Friday, May 13, 2011
Our Inner Ape” by Frans de Waal – book review
A Leading Primatologist Explains Why We Are Who We Are, 2005
As de Waal puts it himself: “This book explores the fascinating and frightening parallels between primate behavior and our own, with equal regard for the good, the bad, and the ugly”.
Written in a lively style full of amazing examples and clever thinking by writer Paul de Waal this book challenges many long believed assumptions and adds the writers own sometimes almost revolutionary beliefs based on longtime, sharp observations of both the chimpanzee – the gruff looking ambitious, power hungry, animal with brutal character and anger-management issues and the bonobo, discovered in 1929 and described as an egalitarian, peace-loving proponent of a free-spirited lifestyle.
Some of the beliefs that you can find in this book:
- In almost all writings about human nature it is stated that we have selfish genes, that human goodness is a sham and that we act morally only to impress others. De Waal makes it plausible that we are born with impulses that draw us to others. Later in life this make us care about them – the birth of empathy.
- When people commit genocide they are called ‘animals’, but when they give to the poor they are praised for being ‘humane’. Isn’t this too much credit for humans and too little for the animal world? More examples than expected for ‘giving’ behavior in animals.
- The same capacity that makes us understand others also makes it possible to hurt them deliberately. Both sympathy and cruelty rely on the ability to understand how one’s own behavior affects others which de Waal believes to be present in more than just the human race. So much for that characteristic you might have thought to be unique to humans.
- According to de Waal, because of 180 million years of mammalian evolution and lactation, females display more and earlier empathy than men do. Pay attention, females and males: A long term relationship with a woman however is the most effective way for a man to add years to his life. The flip side is autism, an empathy disorder that keeps us from connecting with others and which is four times more prevalent in males than in females.
- On cooperation and competition in chimpanzees and other species: there can’t be joined hunting without joined pay-offs. You may ask yourself how this relates to your company and its departments and the degree to which your people experience joined pay-offs in their projects and work.
- According to de Waal we rely more on what we feel than on what we think when solving moral dilemmas. Emotions trump rules. An interesting statement for everyone believing that thinking comes before feeling – a premise from the Rational Emotive Therapy (Cognitive Psychology).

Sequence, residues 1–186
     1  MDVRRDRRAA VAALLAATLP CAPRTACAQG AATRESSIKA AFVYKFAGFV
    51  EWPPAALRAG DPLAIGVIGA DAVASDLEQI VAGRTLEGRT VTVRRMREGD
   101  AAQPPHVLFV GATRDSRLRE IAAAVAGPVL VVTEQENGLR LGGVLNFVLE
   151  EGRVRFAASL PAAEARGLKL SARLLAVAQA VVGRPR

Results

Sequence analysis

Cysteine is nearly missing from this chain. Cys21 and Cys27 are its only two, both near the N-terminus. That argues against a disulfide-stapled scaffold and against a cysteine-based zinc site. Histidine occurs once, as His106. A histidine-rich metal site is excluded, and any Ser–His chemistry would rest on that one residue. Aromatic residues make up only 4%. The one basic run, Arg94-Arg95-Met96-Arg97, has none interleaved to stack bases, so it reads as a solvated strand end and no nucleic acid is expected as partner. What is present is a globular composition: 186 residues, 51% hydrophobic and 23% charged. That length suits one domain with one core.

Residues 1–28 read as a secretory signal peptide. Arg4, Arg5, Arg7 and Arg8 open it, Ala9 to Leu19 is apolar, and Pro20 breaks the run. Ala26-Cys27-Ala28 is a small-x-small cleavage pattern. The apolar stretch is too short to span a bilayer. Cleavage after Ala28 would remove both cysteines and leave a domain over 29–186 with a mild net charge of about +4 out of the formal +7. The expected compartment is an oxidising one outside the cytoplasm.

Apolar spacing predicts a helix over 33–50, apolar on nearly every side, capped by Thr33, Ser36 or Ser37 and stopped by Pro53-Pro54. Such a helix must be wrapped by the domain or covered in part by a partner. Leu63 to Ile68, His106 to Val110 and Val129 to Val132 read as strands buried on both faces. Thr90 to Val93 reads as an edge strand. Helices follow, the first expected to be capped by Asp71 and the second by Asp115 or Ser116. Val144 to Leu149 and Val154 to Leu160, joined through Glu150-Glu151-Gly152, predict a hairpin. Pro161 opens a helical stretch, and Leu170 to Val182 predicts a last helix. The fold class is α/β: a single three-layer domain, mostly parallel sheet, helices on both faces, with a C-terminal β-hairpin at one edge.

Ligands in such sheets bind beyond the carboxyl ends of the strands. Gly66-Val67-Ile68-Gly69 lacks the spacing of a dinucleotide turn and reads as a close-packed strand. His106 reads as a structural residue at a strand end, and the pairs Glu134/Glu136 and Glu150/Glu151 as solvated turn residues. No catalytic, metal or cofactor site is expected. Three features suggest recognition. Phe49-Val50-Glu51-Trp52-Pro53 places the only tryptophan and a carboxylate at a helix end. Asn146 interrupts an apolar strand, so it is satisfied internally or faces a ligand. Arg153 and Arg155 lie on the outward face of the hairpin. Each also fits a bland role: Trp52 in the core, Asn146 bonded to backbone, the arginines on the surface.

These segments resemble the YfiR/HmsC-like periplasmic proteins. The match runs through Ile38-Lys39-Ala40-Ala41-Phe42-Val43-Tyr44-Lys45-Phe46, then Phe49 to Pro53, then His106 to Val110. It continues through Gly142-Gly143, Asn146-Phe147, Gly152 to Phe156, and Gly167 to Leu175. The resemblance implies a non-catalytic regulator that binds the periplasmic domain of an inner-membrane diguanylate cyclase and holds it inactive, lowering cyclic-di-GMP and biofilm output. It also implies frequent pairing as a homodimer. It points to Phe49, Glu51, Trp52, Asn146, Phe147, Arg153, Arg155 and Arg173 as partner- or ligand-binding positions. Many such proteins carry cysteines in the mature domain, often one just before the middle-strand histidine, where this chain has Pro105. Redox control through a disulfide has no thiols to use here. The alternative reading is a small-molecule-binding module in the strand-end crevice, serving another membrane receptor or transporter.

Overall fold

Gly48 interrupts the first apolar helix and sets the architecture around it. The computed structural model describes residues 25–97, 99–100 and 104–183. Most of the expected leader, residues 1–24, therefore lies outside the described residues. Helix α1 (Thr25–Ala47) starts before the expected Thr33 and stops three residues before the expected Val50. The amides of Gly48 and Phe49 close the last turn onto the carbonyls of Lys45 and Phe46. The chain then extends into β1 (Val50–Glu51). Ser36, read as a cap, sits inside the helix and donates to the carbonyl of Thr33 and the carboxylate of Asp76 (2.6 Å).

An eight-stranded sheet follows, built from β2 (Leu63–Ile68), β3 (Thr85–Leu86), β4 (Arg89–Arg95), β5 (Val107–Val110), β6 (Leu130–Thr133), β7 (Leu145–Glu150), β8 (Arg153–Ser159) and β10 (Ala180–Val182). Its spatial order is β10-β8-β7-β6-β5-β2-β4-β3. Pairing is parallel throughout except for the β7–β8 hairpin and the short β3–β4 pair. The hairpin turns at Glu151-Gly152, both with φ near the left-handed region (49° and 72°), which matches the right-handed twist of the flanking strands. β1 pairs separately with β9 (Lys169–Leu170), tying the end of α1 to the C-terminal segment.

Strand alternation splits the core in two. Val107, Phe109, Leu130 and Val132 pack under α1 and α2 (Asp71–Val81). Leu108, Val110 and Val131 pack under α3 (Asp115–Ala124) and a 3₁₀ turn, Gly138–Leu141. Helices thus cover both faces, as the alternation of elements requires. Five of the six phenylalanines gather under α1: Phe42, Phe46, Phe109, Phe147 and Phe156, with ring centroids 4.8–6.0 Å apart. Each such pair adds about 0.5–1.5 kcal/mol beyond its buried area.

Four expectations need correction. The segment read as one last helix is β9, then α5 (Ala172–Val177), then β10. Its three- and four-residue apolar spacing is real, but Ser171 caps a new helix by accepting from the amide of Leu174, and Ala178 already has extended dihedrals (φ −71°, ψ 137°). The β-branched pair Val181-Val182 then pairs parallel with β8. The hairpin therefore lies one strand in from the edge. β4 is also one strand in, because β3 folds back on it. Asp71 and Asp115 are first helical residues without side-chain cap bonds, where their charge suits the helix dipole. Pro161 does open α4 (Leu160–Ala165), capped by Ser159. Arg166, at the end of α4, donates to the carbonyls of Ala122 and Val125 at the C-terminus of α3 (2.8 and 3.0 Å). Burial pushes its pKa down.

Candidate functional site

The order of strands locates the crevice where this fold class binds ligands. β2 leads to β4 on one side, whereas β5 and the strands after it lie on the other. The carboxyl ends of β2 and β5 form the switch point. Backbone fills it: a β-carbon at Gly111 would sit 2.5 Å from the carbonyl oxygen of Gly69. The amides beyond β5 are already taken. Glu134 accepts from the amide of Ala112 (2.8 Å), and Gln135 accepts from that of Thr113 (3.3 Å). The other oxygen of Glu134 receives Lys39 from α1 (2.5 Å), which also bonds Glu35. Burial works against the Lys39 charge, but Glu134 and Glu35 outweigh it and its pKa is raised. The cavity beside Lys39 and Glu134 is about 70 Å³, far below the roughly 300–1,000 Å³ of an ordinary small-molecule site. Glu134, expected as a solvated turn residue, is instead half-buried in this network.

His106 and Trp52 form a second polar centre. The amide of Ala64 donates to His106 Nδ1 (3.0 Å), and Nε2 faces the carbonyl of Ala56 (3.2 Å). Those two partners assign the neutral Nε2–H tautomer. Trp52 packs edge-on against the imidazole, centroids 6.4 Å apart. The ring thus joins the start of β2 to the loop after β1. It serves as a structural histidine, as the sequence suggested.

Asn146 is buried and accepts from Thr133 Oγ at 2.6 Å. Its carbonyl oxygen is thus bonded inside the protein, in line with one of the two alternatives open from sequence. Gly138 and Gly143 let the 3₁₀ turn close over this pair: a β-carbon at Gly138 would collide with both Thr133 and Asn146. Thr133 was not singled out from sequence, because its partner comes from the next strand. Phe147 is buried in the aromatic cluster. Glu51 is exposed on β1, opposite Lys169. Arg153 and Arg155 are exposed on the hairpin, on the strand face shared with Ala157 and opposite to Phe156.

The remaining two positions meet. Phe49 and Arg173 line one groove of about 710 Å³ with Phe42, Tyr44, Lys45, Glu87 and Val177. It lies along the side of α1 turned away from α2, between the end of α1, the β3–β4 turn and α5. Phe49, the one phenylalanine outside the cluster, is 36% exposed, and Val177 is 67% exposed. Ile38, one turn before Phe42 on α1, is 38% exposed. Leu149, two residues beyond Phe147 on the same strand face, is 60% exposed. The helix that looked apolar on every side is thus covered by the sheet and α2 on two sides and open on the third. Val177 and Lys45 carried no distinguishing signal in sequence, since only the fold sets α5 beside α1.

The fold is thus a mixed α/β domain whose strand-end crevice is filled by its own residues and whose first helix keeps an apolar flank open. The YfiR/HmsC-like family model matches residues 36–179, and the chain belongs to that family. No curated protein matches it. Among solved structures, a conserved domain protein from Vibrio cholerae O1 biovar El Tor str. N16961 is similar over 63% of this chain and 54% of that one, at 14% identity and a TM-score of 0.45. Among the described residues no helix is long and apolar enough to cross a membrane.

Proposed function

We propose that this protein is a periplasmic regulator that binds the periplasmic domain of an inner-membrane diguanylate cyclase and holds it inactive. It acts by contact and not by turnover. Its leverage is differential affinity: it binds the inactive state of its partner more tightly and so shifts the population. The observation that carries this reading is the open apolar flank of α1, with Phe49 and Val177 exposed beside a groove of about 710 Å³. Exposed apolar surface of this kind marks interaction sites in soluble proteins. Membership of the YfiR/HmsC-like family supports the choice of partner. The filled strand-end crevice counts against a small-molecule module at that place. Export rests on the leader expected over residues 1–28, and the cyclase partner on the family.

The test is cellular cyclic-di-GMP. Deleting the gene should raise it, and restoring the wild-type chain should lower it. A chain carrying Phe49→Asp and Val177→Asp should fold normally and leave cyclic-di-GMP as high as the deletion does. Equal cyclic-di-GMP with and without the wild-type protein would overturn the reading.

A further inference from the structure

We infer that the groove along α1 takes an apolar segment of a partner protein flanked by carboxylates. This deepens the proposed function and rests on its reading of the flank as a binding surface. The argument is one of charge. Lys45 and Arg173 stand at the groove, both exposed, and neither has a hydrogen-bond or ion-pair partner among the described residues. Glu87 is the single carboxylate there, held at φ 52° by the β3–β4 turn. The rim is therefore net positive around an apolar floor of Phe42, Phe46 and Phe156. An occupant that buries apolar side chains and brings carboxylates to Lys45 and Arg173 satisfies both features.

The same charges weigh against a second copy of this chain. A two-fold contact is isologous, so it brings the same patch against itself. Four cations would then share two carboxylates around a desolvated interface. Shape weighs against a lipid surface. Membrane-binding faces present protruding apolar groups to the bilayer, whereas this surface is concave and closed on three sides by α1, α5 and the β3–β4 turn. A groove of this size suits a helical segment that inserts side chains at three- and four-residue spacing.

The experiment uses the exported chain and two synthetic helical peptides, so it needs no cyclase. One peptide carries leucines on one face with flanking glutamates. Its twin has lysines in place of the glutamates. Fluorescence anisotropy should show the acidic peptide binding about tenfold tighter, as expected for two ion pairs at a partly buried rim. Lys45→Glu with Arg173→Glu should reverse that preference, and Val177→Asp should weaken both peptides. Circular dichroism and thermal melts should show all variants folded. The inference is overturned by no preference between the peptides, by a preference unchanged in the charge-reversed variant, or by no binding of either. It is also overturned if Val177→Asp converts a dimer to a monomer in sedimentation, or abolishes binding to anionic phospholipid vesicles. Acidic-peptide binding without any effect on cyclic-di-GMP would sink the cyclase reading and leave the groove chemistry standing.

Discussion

- De Waal is convinced that war is not an insuppressible urge but an option. When there are plenty of resources (space, food, water) there is no point in war. Warfare is not in our DNA as a person, he states, but I know for sure that it is in the brain structure (or somewhere) of the ‘occasional’ dangerously sick individual.
- Human morality is firmly anchored in the social emotions with empathy at its core asserts de Waal. Self-awareness affects how we deal with others. Without self-awareness no empathy. Emotions are our compass according to de Waal.
- Understood and accepted by many different experts: We are social to the core with our need to belong and feel accepted. Translate this to your company and assess engagement and sense of belonging in your employees.
- We are full of contradictions and the product of opposing forces like the need to think of our self interest and the need to get along. The duality of human nature – don’t we all experience this on a daily basis and in many areas. Without this duality no life I’d like to add.
- One of the many questions and polarities that de Waal discusses concerns whether we are most characterized by love or by hate. What is most critical for survival: cooperation or competition. I dare to say it is both, in a well balanced manner.
I could continue for quite some time and I have to stress that this post is in no way representative of the content of de Waal’s book. I think it’s a fantastic piece of work with many examples like the one about nonhuman humanness, when on August 16¸1996 an 8 year old female gorilla called Binti Jua helped and comforted a 3 year old boy who had fallen into the gorilla area in the Chicago Zoo. A famous example that has ever since been used by many politicians in their speeches. If the topic interests you, check out the book your